may be almost cliché to say the holiday season is a time to reflect on everything for which we are thankful. November even has a holiday whose name celebrates giving thanks. Being grateful for what we have – counting our blessings, as the saying goes – is important.

In fact, research suggests that practicing gratitude not only increases our appreciation of the good things in our lives, but can also have a positive impact on our mental health.

An article published last year by Psychology Today – “Science Proves That Gratitude is Key to Well-Being” – explains that gratitude actually stimulates two key areas of our brain: the hypothalamus, which regulates stress, and the ventral tegmental area, which plays a role in the brain’s reward system that produces feelings of pleasure. In other words, being grateful can help reduce stress and make us feel better.

Likewise, a 2018 study in the journal Psychotherapy Research examined the benefits of gratitude for adults receiving mental health counseling.

Researchers found that individuals who wrote notes of gratitude to other people (just once a week for three weeks) as part of their mental health treatment reported significantly better mental health up to 12 weeks after completing the writing exercise, compared with those who did not write letters or who tracked their negative thoughts.

Writing letters of gratitude is just one of many ways to practice gratitude (and studies have also found that recipients really like receiving them).

If you search online you can find several lists of ways to be more conscious about gratitude and expressing it, and I’ve compiled a few ideas here. Keep in mind, you don’t have to do all of these things and different activities might be more appealing to different people.

Appreciate the small things

Gratitude isn’t just about appreciating the “big” things, but recognizing things that make your life better, even things we might take for granted: air conditioning, clean water, the ability to eat favorite foods, having a car to drive (even if it’s not our dream car, having transportation is important).

Appreciate your challenges

There is a saying about recovery and growth: “There is no growth in the comfort zone, and no comfort in the growth zone.” Challenges help us grow and learn, and sometimes thinking about difficult situations can help remind us what we have to be thankful for. Think about past challenges and how they’ve helped make you into the person you are today.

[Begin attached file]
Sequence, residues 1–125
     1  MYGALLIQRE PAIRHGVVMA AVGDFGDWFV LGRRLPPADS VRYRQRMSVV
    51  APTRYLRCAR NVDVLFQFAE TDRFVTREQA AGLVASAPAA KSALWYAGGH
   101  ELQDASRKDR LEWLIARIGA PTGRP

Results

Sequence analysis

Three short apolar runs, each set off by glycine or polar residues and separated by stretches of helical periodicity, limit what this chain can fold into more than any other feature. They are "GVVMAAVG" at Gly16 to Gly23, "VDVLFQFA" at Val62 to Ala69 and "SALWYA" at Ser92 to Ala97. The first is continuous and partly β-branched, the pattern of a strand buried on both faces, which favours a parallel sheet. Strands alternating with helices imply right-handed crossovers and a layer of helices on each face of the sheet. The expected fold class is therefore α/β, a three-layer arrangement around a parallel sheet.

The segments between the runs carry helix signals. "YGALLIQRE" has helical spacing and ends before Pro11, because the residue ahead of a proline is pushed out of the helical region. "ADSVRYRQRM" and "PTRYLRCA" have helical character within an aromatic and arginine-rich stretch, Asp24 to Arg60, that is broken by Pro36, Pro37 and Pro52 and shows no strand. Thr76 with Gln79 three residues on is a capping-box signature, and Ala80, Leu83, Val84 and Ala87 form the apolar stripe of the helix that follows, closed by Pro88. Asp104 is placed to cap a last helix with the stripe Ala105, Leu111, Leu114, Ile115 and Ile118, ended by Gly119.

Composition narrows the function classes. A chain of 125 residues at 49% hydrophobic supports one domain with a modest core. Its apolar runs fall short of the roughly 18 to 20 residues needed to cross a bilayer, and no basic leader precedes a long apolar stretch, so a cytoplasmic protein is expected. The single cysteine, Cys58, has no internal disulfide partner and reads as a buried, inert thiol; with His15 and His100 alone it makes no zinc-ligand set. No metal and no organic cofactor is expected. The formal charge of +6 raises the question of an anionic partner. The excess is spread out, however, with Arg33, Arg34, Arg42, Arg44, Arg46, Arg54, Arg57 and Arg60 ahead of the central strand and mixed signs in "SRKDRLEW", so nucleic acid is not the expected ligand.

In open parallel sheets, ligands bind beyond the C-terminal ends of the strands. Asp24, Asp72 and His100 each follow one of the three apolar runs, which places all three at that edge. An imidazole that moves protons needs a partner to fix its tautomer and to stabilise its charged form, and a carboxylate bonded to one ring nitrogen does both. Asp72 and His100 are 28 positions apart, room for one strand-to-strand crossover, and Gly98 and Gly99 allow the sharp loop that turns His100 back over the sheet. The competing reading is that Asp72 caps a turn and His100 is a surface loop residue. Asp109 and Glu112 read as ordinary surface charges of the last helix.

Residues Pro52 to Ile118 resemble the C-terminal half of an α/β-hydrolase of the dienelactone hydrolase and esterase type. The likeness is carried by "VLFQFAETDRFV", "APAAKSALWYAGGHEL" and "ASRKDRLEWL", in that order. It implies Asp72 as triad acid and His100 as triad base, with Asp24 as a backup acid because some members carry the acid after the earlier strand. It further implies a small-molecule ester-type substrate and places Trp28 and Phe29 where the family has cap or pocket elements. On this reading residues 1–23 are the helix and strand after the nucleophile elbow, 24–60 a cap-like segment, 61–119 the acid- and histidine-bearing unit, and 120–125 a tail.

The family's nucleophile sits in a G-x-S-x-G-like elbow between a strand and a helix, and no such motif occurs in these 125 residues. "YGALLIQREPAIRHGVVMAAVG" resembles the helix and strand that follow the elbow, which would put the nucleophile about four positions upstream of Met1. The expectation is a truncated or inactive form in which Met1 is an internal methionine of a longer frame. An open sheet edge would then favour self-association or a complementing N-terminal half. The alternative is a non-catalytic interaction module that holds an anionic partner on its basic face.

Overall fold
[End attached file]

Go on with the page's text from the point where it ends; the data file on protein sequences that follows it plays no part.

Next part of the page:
Volunteer

Studies have shown volunteering for the purpose of helping others actually increases our own well-being and our ability to have more gratitude. Not only can giving back make you appreciate things you may take for granted, but a University of Pennsylvania study found that volunteering is the single most reliable way to momentarily increase your well-being.

Keep a gratitude journal

This is one activity that appears on every list of ways to practice gratitude. In fact, journaling has been shown to provide many benefits besides gratitude, and is frequently a part of mental health and substance use recovery.

The important idea here is writing down things for which you are grateful, small or large. You can journal daily or weekly – however often works best for you – but the more you are conscious about being grateful for the things in your life, the more things you will find to be grateful for.

Being able to go back and review your gratitude lists can also be a valuable coping strategy for stressful days.

Of course, there are many more gratitude activities and practices you can find with a quick web search, but the goal of any such activity is to remind ourselves that we really do have a lot of be thankful for, and being conscious of what those things are every day.

I’d like to wish everyone a happy and healthy holiday season filled with good times, good people and gratitude.

Melanie Dallas is a licensed professional counselor and CEO of Highland Rivers Health, which provides treatment and recovery services for individuals with mental illness, substance use disorders, and intellectual and developmental disabilities in a 12-county region of northwest Georgia that includes Bartow, Cherokee, Floyd, Fannin, Gilmer, Gordon, Haralson, Murray, Paulding, Pickens, Polk and Whitfield counties.

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